I still have to clean it up a bit then I’ll send it off to my daughter in law for the baby’s room. I thought it would be useful to store qtips or scissors, thermometer, etc. on her dresser.
Happy holidays everyone and to those who celebrate, Merry Christmas!
As we wind down for the year and start planning for next year, I’ve decided to share my final project from Fiona Duthie’s Surface Design class. My intention is to use it as a reminder of incorporating more of these techniques in my felt work going forward.
I didn’t set out to use a specific number of techniques, but let the picture dictate which ones to use. We learned many more than I used here.
I started with making a bridge using the lace technique and decorated it with pencil roving and stitching with yarn on the top to create a handrail on top and matching decoration below.
I added the cracked mud/tile effect to the ends of the bridge.
The water is fabric manipulation using some silk habotoi with some shadowing under the bridge. The hills in the background were prefelt cut outs with silk embellishments for texture. I also used pencil roving to define the shoreline in the distance.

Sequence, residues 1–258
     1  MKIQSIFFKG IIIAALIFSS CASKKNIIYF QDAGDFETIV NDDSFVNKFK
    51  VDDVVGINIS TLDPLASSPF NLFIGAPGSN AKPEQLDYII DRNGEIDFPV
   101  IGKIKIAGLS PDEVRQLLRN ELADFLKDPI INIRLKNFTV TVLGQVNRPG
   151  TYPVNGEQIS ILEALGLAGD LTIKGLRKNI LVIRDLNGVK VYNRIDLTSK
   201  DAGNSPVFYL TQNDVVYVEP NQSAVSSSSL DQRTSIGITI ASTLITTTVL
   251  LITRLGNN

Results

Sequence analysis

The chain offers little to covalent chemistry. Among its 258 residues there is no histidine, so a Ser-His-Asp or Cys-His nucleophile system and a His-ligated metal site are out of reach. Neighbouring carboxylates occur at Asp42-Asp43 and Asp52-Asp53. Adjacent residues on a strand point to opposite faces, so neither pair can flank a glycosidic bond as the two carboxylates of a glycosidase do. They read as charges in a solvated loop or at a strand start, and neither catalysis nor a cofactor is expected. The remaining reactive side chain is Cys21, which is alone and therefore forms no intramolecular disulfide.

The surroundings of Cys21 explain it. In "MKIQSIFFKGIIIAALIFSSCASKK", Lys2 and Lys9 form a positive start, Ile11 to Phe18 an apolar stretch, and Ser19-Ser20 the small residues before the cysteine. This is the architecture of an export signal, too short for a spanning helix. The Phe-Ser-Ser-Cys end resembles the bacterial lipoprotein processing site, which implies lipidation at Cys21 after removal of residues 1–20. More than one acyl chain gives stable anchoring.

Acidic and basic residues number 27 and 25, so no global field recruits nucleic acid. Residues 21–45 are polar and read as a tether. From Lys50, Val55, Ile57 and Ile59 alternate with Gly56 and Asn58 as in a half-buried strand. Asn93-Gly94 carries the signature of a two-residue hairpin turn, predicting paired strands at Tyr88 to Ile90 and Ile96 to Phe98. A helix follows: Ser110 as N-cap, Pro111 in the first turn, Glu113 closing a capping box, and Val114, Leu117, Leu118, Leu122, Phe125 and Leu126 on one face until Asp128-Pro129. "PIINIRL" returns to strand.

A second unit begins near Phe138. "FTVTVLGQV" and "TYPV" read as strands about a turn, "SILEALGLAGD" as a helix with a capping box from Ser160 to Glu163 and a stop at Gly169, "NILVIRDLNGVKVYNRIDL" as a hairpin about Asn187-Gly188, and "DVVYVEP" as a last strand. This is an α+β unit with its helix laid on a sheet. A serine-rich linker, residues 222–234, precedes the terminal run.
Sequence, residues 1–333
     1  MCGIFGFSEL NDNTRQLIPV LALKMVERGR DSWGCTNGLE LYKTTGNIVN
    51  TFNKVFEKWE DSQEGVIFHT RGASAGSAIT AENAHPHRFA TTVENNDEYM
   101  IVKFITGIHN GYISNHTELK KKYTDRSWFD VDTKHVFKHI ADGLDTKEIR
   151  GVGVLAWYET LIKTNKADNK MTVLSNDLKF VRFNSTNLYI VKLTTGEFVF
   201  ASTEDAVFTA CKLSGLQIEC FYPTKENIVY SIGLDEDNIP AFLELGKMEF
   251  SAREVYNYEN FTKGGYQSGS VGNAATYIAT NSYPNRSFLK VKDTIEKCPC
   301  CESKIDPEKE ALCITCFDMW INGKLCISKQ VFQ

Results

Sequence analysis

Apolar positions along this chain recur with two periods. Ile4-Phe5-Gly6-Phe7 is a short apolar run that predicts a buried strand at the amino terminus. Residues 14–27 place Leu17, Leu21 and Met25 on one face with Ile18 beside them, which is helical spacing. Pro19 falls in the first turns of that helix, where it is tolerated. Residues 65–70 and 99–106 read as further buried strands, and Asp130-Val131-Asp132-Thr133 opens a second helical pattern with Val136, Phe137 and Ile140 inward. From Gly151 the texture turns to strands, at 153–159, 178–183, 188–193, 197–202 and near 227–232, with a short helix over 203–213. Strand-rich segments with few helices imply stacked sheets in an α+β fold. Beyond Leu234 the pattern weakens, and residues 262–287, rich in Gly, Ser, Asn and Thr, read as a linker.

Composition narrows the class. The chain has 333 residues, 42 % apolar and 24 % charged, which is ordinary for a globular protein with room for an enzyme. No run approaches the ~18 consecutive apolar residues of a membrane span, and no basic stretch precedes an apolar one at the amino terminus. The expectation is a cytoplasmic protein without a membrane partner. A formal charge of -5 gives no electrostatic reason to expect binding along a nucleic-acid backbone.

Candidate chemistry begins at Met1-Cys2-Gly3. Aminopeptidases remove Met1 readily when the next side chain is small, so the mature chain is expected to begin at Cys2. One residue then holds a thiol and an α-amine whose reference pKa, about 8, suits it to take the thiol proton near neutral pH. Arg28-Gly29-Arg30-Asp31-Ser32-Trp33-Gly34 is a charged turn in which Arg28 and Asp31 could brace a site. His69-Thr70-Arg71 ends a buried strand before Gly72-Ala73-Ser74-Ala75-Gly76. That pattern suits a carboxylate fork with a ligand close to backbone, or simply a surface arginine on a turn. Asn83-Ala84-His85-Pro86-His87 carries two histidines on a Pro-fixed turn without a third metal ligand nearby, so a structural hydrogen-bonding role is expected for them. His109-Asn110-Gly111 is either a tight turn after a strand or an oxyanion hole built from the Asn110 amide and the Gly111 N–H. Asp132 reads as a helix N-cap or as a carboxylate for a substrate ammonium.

On the beach is a tree trunk made using the shibori and carving techniques then added beads, cotton batting and gems as inclusions under silk gauze. I used silk and locks for the water rushing over the sand and to embellish the sky. There is a 3D water lily on the waters edge.
I also added loops on the back to be able to hang the picture. I debated straightening the edges, but decided I like the organic edges. While its not gallery material, I enjoyed making it and am proud to hang it in my family room.
The class was fun and I learned a lot. I would highly recommend it to anyone wanting to expand their felting techniques in a classroom setting working at your own pace.
What projects or techniques are on your list to try next year?